From 3000 miles away, here is an interesting insurance coverage decision.
Genzyme Corporation had issued several classes of “tracking stocks” which “tracked” the performance of various of its divisions, in that Genzyme tracked and announced the performance of the divisions, allocating corporate expenses to them in certain proportions. The market for the tracking stocks followed the divisions’ performance. Eventually Genzyme exchanged the tracking stocks for shares of its general common stock. Former holders of tracking stocks brought a class action claiming they had been defrauded in the acquisition because Genzyme had accounted unfairly for the profits of the division their stock had been tracking, thus shortchanging them in the exchange.
Does Public Policy Bar Coverage?
That case settled and Genzyme then tried to recover a fraction of its costs for both defense and settlement from its sole D&O carrier, whose coverage was only roughly 1/5 of Genzyme’s total outlay. The trial court dismissed the case on the interesting ground that Genzyme had in effect stolen share value from its tracking shareholder class and that an insurance recovery for this outlay would be an indemnity for the insured’s restoration of stolen property and thus contrary to public policy.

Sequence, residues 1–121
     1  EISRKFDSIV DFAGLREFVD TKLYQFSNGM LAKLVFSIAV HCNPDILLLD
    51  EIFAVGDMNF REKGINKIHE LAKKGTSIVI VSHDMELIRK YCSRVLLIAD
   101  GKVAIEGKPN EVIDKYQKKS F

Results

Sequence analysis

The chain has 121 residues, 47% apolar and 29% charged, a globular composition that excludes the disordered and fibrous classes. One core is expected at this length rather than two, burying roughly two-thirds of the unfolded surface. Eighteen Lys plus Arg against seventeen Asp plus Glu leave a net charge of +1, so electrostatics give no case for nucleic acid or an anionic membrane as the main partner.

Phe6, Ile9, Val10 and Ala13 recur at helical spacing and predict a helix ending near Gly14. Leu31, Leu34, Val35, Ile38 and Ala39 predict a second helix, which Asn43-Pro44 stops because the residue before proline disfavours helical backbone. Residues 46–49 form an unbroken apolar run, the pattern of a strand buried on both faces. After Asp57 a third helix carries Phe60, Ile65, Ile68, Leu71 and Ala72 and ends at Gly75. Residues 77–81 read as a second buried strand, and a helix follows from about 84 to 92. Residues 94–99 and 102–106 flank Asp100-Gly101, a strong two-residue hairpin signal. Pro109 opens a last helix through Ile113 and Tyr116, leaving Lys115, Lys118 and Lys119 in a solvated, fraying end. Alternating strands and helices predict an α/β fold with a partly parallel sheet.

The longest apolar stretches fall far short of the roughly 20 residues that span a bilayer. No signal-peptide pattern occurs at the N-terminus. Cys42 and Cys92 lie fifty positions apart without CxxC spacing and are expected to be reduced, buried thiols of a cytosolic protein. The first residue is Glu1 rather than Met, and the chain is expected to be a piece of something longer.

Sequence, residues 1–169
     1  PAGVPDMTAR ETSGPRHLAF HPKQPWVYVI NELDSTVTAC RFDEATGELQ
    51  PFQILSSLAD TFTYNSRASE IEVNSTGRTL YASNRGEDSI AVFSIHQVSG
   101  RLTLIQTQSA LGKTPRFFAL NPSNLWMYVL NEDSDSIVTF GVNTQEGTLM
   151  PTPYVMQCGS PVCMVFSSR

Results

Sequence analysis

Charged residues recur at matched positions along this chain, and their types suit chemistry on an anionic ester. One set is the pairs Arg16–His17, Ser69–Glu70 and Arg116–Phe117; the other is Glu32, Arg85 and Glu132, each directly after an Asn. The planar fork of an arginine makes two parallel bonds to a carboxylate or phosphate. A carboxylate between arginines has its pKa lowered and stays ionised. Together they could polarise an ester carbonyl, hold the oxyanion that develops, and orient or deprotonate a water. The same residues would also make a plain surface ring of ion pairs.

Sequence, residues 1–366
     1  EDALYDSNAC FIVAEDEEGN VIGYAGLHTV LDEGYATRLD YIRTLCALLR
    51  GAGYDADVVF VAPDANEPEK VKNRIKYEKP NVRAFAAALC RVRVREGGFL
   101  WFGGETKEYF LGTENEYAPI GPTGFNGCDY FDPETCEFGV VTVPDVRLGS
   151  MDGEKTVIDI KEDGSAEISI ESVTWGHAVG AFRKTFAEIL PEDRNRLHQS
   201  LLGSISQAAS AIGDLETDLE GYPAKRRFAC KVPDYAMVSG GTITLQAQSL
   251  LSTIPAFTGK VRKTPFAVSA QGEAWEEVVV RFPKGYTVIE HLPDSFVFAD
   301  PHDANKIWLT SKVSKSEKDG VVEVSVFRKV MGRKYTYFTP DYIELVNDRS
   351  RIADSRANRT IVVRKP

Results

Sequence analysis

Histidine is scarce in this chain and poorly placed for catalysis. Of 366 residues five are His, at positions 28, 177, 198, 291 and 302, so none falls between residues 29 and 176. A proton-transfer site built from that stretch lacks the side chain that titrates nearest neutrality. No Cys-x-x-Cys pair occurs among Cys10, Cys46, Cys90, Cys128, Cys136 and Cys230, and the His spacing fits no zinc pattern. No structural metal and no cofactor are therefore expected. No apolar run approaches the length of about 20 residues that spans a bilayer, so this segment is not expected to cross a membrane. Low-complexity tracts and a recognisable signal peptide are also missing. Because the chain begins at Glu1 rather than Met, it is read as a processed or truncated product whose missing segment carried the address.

The First Circuit reversed, Genzyme Corp. v. Federal Ins. Co. (2010) 622 F. 3d 62. It first noted that Massachusetts “recognizes only a limited public policy exception” to the right to cover risks by insurance, “only proscrib[ing] coverage of acts committed with the specific intent to do something the law forbids.” That standard is more generous but not really very different from California’s coverage limitations under Insurance Code section 533. The appeals court found that the case “does not present an unjust enrichment situation” because “a corporation is neither benefited nor harmed by issuing additional shares of stock.”
Genzyme thus plainly holds that D&O coverage applies to transactions in the insured’s own stock: an unusual fact situation and a strong point for broad interpretation of this insurance coverage.Continue Reading...